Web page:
3 Signs of Fake People to Look Out For and How to Be Authentic

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Have you ever gotten the feeling that a person you were friends with or even dating had a hidden agenda, or simply couldn't care less about your thoughts and opinions? Sometimes, discerning between someone who is genuinely nice and someone who is faking it can be as confounding as trying to tell the difference between a work of art and a well-made replica. But thanks to some intel from relationship experts, the former doesn’t have to be.

Heed the following advice about why authenticity is important, common traits of authentic people, how to be more authentic, and 3 signs of fake people to determine which of your relationships is worth investing in, or whether you should start investing in yourself.

Benefits of Being Authentic

"When people talk about fake people, they're usually picking up on a
mismatch between actions and words," says Katy Dimple Manning, LCSW, a Houston-based licensed social worker and therapist. "Being fake is a harsh label to live with, yet we are all fake from time to time and no one is authentic all of the time." That all said, working towards a more authentic self builds trust in oneself, and helps others trust you.

"We are much more likely to trust a genuine person than a fake one because we believe those who are true to themselves are also likely to be truer and more honest with us," writes licensed psychologist Guy Winch, Ph.D., for Psychology Today. And with the prevalence of social media, texting, and the sheer vastness of the internet, personal and professional authenticity has become increasingly important, yet more difficult to judge.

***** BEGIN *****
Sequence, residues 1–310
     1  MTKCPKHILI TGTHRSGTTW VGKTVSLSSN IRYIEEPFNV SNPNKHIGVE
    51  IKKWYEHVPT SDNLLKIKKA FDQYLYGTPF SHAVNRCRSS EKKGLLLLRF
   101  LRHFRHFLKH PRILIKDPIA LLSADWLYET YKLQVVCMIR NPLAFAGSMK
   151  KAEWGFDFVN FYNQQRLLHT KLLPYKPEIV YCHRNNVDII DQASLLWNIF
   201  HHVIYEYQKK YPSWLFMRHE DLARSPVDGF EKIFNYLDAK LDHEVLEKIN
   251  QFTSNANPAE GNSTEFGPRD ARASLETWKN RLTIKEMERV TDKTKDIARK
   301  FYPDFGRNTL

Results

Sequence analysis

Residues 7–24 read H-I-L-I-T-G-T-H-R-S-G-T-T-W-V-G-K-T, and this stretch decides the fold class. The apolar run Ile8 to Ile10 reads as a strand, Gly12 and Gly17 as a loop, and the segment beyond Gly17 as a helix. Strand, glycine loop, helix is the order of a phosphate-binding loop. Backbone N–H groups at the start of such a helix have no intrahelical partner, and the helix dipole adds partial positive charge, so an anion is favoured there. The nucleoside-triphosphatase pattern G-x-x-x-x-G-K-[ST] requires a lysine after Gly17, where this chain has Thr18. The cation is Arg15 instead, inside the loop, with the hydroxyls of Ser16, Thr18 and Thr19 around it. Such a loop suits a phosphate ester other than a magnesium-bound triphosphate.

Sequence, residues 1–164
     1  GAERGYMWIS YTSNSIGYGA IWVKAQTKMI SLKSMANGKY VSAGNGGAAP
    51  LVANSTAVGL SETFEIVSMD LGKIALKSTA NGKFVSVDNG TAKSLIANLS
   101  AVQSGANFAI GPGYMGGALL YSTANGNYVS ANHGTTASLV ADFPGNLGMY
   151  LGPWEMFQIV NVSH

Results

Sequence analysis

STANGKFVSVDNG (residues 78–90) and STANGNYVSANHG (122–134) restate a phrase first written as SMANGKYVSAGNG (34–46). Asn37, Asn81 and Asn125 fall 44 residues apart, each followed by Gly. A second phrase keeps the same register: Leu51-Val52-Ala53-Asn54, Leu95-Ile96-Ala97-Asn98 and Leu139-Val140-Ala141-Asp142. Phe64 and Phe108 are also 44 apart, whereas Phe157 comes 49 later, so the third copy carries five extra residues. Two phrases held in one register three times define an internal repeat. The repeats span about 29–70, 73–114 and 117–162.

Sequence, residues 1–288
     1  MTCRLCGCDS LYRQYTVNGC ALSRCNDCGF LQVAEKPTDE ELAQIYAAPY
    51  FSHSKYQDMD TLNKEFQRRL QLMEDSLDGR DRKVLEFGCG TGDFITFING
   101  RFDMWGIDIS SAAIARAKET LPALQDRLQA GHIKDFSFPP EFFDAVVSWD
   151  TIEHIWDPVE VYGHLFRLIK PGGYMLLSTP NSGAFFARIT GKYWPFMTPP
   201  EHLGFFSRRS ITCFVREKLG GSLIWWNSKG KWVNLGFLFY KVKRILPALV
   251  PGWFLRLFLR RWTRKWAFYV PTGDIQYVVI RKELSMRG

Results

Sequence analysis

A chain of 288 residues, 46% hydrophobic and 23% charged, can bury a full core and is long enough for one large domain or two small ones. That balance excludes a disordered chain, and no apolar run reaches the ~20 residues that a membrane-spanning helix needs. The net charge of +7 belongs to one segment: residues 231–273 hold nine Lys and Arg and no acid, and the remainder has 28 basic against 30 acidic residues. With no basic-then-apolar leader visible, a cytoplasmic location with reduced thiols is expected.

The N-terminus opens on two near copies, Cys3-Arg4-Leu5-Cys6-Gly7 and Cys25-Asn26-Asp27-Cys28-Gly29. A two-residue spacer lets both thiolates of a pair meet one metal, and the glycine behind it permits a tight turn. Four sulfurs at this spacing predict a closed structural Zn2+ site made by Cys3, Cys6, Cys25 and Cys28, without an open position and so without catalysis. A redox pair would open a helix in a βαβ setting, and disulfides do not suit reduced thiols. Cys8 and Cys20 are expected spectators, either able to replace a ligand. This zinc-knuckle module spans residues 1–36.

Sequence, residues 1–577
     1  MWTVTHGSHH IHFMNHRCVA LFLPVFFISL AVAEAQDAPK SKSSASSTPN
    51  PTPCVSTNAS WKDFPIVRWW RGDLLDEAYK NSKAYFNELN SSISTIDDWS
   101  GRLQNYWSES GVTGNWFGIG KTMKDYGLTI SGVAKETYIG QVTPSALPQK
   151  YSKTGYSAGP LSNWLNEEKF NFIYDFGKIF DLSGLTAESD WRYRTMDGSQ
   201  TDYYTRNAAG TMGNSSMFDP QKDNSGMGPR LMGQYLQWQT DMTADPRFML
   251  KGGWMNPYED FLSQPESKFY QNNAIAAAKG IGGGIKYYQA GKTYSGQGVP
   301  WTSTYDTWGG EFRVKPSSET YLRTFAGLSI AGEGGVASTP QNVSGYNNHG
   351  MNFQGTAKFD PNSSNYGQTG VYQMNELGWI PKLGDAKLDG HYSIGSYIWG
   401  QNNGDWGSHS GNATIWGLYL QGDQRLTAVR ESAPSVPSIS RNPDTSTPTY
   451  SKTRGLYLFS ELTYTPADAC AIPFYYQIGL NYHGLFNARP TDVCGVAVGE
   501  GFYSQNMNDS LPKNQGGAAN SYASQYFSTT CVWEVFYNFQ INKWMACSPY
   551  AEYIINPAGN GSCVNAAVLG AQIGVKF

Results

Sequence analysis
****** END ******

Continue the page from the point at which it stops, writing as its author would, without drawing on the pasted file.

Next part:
In today's society, Manning suggests that "it is not enough to simply state your opinion, rather to actually honor your own authenticity by supporting your values through tangible action," and adds that how you show up at work matters, too. "I believe authenticity will grow to be more and more valued in the workplace as well. Employers who can't handle employee authenticity will struggle to connect with a population of people who are often asked to say what they think and actually mean it," says Manning.

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How to Spot a Fake Person

If you notice any of these signs below, you may be dealing with someone who isn't whom they make themselves out to be at first blush.

  • They Seek Attention and Are Quick to Show Off: Being proud of your hard-earned accomplishments is one thing, but showing off all of the time may be a sign of a fake person who places more value on external validation than self-validation. "The most common reason that people pretend to be someone they're not is to get something from people. This is usually admiration or connection or power or control or inclusion or something in that world," says Leigh Louey-Gung, fulfillment coach and founder of LifeOS.
  • They’re Only Nice if There’s Something in It for Them: Another sign of a fake person is one who only shows kindness when it benefits them, for similar reasons Louey-Gung mentions in the first point.
  • Their Words and Actions Don't Match: A genuine person will do their best to live up to promises and commitments. Conversely, a fake person may talk the talk without walking the walk—they're inconsistent. "With fake people, it’s like you need to carry a clipboard around with you and keep track of what they say so that you can make sense of the constant contradictions," writes Dr. Seth Meyers, licensed clinical psychologist, for an eHarmony blog post.

Psychology of a Fake Person